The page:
The lack of public reaction has helped some Tauranga councillors to decide to stick with imposing a special $5 million flood protection levy on ratepayers.
Papamoa councillor Steve Morris said only one person had contacted him to dispute the levy in which the council will try to neutralise its impact on rates by finding equivalent savings elsewhere in its operations.
He told yesterday's council meeting that if it forced the council to re-prioritise and make financial constraints, then he supported the $5 million levy.
The stormwater levy was won 7-4, led by many councillors who got elected on the platform of reducing debt. The levy was an alternative to raising loans to fund the extra stormwater works in the remaining vulnerable areas of Tauranga.
But the enormity of the task to "slash and burn" this year's draft budgets in order to find the $5 million prompted Mayor Stuart Crosby to oppose the ring-fenced rate.
He said the angst that would be created by the budget cuts would be phenomenal. It would cause chaos and create a lot of concern in the community.
Mr Crosby sought to delay a decision on the proposed $5 million levy until next year's review of the council's 10-year plan. "It will absolutely constrain everything else you want to do from this moment forward," he warned.
He said the council did not know what it will take out of the existing draft budgets for 2014-15, or what the public reaction would be to taking out $5 million.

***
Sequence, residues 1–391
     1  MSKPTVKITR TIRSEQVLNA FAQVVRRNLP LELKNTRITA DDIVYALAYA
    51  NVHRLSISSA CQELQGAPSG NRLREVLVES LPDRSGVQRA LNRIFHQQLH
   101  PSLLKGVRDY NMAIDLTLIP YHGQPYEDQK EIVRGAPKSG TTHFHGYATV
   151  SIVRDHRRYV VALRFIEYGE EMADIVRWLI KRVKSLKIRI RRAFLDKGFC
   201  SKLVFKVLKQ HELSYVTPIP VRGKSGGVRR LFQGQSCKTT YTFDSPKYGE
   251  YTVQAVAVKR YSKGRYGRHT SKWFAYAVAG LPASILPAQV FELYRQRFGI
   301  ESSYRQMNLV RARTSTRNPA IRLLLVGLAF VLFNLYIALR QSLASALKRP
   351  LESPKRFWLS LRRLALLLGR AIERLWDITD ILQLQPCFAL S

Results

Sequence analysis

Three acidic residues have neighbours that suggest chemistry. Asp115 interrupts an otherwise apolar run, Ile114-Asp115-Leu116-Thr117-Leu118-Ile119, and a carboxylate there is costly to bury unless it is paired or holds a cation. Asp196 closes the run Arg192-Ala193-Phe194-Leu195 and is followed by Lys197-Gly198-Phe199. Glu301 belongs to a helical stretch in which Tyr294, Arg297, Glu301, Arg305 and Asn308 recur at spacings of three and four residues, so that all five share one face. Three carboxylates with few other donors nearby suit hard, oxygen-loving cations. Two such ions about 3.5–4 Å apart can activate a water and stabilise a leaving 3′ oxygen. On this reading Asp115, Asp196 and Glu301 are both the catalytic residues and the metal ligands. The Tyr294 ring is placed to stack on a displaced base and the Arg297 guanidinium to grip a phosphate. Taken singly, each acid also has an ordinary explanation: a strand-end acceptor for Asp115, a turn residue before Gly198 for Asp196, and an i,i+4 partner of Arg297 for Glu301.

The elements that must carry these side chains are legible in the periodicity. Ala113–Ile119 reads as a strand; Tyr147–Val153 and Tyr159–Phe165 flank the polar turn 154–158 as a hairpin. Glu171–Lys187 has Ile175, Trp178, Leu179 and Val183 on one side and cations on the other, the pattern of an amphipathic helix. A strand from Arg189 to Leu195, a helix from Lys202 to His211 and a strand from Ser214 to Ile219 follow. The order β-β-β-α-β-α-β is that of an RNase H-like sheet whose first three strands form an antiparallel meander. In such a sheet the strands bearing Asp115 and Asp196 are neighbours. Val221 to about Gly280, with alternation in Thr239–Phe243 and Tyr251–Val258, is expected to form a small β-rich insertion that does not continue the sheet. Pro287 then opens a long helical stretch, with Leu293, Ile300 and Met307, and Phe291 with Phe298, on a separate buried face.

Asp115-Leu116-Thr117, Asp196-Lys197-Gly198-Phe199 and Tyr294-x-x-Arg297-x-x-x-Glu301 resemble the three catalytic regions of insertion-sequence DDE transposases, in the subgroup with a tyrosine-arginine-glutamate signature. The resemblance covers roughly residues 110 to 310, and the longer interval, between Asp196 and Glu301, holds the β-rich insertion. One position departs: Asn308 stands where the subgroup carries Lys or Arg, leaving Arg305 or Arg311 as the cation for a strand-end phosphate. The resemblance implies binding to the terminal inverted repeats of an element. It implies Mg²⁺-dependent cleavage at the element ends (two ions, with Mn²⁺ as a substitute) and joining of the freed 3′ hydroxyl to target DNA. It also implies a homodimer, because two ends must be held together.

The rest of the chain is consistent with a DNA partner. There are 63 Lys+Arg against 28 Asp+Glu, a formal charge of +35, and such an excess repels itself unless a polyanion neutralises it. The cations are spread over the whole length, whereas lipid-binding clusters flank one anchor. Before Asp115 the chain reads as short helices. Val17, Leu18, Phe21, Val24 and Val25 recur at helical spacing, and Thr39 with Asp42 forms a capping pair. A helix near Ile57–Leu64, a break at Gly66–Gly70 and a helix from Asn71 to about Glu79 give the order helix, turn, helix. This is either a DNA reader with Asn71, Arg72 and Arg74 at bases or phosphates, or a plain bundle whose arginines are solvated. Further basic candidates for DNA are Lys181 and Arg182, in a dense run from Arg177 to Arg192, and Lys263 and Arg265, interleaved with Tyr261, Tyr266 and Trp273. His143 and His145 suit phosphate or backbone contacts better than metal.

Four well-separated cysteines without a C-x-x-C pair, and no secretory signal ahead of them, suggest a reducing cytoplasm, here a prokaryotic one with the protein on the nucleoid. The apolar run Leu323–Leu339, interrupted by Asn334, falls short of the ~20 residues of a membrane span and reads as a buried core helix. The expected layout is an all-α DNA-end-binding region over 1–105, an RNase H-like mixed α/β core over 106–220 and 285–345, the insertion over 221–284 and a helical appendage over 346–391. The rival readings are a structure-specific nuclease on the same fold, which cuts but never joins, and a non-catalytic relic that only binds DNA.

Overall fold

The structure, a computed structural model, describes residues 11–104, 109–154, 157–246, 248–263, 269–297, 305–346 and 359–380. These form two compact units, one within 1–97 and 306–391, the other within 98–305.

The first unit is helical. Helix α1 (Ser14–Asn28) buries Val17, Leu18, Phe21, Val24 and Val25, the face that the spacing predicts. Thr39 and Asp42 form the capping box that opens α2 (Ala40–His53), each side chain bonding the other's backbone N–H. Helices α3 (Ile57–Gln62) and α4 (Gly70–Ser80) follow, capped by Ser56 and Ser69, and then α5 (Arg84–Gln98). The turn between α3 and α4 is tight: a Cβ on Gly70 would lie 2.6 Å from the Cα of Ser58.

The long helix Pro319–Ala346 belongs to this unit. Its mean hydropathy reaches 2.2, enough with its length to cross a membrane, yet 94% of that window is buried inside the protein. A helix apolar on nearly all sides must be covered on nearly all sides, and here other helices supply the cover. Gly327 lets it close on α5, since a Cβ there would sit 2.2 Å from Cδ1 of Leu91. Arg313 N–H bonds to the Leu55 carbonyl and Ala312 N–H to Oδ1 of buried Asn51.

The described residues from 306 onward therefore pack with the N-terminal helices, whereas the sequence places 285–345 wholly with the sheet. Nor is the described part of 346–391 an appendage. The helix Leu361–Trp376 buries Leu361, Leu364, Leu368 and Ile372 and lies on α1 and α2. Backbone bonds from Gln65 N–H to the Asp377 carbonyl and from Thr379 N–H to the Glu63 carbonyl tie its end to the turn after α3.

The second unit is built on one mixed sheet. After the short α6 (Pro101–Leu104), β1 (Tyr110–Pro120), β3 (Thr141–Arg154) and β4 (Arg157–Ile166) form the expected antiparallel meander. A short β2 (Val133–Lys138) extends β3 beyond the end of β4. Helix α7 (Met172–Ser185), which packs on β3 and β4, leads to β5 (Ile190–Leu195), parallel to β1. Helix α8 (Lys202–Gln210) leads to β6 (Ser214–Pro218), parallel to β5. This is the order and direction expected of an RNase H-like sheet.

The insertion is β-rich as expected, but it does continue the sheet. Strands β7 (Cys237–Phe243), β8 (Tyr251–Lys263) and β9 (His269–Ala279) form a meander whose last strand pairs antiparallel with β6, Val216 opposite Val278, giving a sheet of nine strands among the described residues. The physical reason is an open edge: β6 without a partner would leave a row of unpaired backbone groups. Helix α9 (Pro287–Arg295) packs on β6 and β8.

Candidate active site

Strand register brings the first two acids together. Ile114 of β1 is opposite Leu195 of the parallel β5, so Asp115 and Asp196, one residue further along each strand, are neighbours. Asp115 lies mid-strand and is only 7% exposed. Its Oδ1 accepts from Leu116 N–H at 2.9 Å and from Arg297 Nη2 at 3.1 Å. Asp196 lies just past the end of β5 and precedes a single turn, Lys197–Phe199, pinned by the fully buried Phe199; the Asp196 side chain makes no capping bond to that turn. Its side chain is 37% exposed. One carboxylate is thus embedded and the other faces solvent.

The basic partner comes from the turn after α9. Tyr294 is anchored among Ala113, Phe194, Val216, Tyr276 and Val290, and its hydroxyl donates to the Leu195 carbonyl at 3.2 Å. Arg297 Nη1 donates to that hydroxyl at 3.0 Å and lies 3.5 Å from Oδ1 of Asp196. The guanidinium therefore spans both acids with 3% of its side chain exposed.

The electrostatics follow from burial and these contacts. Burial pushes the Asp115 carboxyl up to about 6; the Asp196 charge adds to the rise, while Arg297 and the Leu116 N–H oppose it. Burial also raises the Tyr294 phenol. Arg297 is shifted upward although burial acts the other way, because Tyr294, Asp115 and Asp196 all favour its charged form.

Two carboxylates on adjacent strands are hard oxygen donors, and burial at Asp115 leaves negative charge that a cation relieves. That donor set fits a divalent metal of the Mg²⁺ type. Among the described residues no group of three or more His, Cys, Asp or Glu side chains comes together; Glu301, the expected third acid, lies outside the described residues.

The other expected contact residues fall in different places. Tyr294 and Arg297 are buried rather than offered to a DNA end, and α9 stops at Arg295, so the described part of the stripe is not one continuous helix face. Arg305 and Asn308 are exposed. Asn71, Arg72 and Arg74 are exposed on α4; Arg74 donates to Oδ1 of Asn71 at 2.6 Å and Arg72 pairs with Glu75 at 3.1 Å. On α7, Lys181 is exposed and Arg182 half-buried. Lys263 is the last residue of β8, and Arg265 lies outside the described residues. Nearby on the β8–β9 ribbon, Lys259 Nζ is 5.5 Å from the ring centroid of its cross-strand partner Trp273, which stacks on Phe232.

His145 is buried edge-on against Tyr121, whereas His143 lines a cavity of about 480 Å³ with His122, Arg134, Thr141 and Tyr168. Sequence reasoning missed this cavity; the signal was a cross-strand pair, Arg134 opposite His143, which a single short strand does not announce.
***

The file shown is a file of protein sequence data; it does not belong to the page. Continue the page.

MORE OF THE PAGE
"It will create an environment that will fetter decision making as you go into the 10-year plan process."
But Cr Bill Grainger said public anxiety was high over stormwater and the council needed to deal with it and deliver.
"I support the targeted rate - our backs are against the wall. We have to slash and burn [the budgets]. It is about time we did ... we have to hit other areas."
Cr Morris said the council had not funded stormwater adequately in the past. About $40 million of programmed stormwater projects had not been delivered.
He highlighted the report to the meeting in which funding to deal with known flooding problems had typically been deferred or declined during budget deliberations in order that growth projects could proceed and financial targets were met.
Cr Clayton Mitchell said taking another $5 million off ratepayers went against the message the council should be sending and the targeted rate should be taken out of the equation.
Cr Kelvin Clout said he did not detect an uproar when the targeted rate was first reported and he was not expecting a public backlash.
Many councillors at the meeting were talking in terms of a 2 per cent rates rise this year.
It will go out for public submissions.